Sheriff’s Deputies in Adams County arrested two people Saturday evening on felony charges. 19-year old Gregory Welcher, of Thayer, and 18-year old Sydney Dimmler, of Corning, were arrested at around 6:25-p.m.

Welcher faces a Class-B felony charge of Distribution to a Person Under 18 on Certain Real Property. His bond was set at $25,000. Dimmler faces a Class-D felony charge of Conspiracy to Distribute to a Minor. Dimmler posted a $5,000 bond and was released from custody.

The case remains under investigation.

IL man arrested on drug charges Sun. morning in Montgomery Co.

News

February 14th, 2016 by Ric Hanson

A traffic stop early this (Sunday) morning in Montgomery County, resulted in the arrest of one person on drug charges. Deputies stopped 37-year old Mark Anthony Stowe, of Atkinson, IL., at around 3:05-a.m. at the intersection of Highway 34 and M Avenue.

Stowe was subsequently charged with Possession of a Controlled Substance and Possession of Drug Paraphernalia. He was being held in the Montgomery County Jail on $1,000 bond.

Dubious distinction: Page County #1 in IA teen pregnancies

News

February 14th, 2016 by Ric Hanson

Page County has a top ranking in Iowa it isn’t proud of: teen pregnancies. On top of that, the southwest Iowa county is in the top 15 in the state for sexually transmitted infections (STI’s) among those under age 21. The Daily NonPareil reports, as a result of those dire statistics, a teen pregnancy prevention initiative has been started in conjunction with Mills County, which is in the top five for teen pregnancies and also highly ranked for STIs.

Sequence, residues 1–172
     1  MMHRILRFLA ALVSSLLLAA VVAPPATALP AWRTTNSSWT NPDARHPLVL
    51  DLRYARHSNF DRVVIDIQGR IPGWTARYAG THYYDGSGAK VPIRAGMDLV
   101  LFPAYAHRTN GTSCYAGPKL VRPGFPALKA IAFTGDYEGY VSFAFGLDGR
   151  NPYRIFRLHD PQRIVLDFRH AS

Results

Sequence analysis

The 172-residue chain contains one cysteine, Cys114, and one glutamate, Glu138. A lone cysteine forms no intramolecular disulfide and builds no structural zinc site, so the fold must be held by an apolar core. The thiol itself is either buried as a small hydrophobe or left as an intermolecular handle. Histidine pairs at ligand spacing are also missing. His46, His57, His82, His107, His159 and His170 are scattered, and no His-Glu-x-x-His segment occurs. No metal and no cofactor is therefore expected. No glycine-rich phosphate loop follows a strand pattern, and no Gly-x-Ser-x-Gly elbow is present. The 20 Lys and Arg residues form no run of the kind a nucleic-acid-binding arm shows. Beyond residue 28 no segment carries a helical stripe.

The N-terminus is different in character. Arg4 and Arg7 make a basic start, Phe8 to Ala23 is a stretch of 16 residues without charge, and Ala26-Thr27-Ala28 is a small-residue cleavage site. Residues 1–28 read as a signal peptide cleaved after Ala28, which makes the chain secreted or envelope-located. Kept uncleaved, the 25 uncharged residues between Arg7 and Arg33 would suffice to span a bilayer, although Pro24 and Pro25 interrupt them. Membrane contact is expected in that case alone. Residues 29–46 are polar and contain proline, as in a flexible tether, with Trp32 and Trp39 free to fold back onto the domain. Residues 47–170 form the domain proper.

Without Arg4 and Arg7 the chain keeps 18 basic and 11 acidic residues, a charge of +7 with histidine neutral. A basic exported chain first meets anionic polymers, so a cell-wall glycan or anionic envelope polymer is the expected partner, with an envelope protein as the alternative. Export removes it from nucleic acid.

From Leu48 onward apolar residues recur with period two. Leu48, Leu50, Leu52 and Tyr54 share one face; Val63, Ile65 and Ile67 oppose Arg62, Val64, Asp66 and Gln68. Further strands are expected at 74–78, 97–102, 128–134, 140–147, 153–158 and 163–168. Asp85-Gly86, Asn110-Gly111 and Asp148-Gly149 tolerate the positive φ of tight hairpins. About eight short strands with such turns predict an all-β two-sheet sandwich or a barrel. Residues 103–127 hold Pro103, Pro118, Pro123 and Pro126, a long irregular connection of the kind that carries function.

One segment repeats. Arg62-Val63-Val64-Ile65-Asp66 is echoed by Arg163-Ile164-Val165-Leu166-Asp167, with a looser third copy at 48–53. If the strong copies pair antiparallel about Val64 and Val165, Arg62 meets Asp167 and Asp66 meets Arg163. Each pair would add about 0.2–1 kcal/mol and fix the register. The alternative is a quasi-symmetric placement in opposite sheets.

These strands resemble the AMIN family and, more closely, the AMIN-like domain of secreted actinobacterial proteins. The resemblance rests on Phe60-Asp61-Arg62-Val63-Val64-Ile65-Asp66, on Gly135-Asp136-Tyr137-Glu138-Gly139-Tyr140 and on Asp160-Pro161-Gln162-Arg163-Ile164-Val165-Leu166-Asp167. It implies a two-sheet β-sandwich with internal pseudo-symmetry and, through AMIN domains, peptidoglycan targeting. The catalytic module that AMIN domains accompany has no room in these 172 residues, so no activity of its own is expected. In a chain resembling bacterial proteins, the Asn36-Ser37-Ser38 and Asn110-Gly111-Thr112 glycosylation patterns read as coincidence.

Shanae Adams, a teen pregnancy prevention educator with Planned Parenthood, says a federally funded grant worth $5 million over the next five years will allow education and advocacy to be brought to the two counties. Adams says while the rate for teen pregnancy in Page County is lower than the national average, it is high in relation to the number of teens in the county, and the state-wide average.

After five years, Adams said the hope is for the program to remain sustainable so it can continue. The first two years will be spent organizing community and youth advisory boards to help get the initiative’s curriculum into Page and Mills county classrooms. Adams said she will ask the school boards for Page and Mills county schools to bring the curriculum into those schools.